Nevada Republicans introduce voter ID proposal and additional postal voting verification

LAS VEGAS (KLAS) — Nevada Republicans have officially introduced legislation to try again to require identification when voting in person and to provide additional steps for absentee ballots.

Republican Assembly. Gregory Hafen II of Pahrump introduced the legislation on Monday. Republican Gov. Joe Lombardo said in his State of the State Address last month that he would support such a measure.

“Verifying the signature is a time-consuming and cumbersome process,” the governor said in his Jan. 23 speech. “We require people to have valid ID to get on an airplane, drive a motor vehicle or buy alcohol or cigarettes, but not to vote in an election. That is illogical.”

Similar attempts to require Nevada voter identification have failed in previous legislative sessions, including the most recent one that ended in May 2021. With a Democrat-controlled Senate and a Democratic supermajority in the assembly, the proposal is unlikely to go ahead.

The bill, introduced Monday, would require a Nevada voter to provide proof of identity when voting, including a driver’s license or other federally acceptable identification documents. Voters without a driver’s license can obtain an ID card from the Road Traffic Office free of charge.

Voters voting by absentee ballot would be required to put either the last four digits of their Social Security number or driver’s license number on their ballot along with their signature, the bill proposes.

The bill was referred to the Legislative Procedures and Elections Committee. According to the National Conference of State Legislatures, 35 states have some form of voter identification law.

While Lombardo was not part of the bill introduced Monday, he also proposed that all mail-in ballots must be received by close of business on Election Day. Nevada law allows mail-in ballots to be accepted for four days after an election. The legislative change, passed and signed into law by former Democratic Gov. Steve Sisolak, was a compromise and was changed by seven days.

Lombardo said that should lawmakers not work to make those changes, they would work to put the measures to a public vote.

Republican Nevada Gov. Joe Lombardo, who is only three weeks in office, spoke in his first state speech Monday, Jan. 23, 2023 before a joint session of the Nevada Legislature, where he outlined his legislative and fiscal priorities for the next two years outlined. (CLASS)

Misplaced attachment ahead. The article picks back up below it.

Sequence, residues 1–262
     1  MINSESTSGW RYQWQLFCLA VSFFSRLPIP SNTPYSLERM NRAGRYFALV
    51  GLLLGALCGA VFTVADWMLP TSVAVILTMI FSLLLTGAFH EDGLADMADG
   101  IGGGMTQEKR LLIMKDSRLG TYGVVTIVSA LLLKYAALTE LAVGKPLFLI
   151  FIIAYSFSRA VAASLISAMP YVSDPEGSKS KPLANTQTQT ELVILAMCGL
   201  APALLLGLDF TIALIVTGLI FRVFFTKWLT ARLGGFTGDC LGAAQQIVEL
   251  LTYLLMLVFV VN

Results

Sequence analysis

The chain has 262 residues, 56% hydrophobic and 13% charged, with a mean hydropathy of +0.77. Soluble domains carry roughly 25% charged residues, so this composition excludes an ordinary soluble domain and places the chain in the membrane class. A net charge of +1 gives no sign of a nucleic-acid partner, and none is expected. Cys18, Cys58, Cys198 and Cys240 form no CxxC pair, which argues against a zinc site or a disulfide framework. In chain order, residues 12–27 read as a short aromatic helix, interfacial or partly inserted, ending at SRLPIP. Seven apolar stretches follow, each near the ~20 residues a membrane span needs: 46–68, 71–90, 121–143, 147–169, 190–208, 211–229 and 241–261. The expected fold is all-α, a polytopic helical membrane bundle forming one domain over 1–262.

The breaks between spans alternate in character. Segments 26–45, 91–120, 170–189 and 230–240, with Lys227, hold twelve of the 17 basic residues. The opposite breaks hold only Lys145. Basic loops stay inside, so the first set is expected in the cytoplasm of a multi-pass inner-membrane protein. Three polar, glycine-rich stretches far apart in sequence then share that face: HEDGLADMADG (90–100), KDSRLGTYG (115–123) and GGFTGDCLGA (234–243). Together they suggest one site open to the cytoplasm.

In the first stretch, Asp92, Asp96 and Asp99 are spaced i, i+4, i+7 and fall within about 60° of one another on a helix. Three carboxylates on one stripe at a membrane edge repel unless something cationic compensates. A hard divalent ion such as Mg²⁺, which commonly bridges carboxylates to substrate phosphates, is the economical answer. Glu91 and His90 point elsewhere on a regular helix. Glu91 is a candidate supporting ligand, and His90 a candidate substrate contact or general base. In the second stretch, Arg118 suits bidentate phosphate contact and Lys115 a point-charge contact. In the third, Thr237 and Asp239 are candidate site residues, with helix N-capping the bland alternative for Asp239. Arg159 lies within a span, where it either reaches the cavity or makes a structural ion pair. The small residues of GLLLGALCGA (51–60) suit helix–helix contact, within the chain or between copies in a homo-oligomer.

Several people tried to vote twice in last month’s Nevada midterm elections, but not enough to affect the outcome of a race, 8 News Now Investigators first reported in December. State investigators have identified individuals who attempted to vote twice, either intentionally or by mistake. Each case is taken seriously until investigators discover no criminal intent.

For example, a person may vote early by absentee ballot and then attempt to vote on a provisional ballot on Election Day. Or, a person may mistakenly vote using another family member’s mail-in ballot, believing it belongs to them.

State and regional security officials identified the attempted duplicate votes and ejected their second attempts from the system. The votes are not counted.

Measures introduced by the Nevada legislature in 2021, as well as the ballot-by-mail law, have cleaned up the voting rolls of ineligible and deceased voters.

Voter fraud is a crime and a conviction carries a fine and imprisonment.

So far, one person has been charged in connection with the 2020 election. No charges had been filed as of Monday in connection with the 2022 election. Audits and lawsuits filed in states, including Nevada, found no evidence of widespread voter fraud. While Nevada Republican leaders alleged fraud in the 2020 election, they did not make the same allegation for the 2022 primary or last week’s 2022 general election, which followed the same procedures.

The Nevada Legislature begins its session on February 6th. The legislature meets every two years for four months.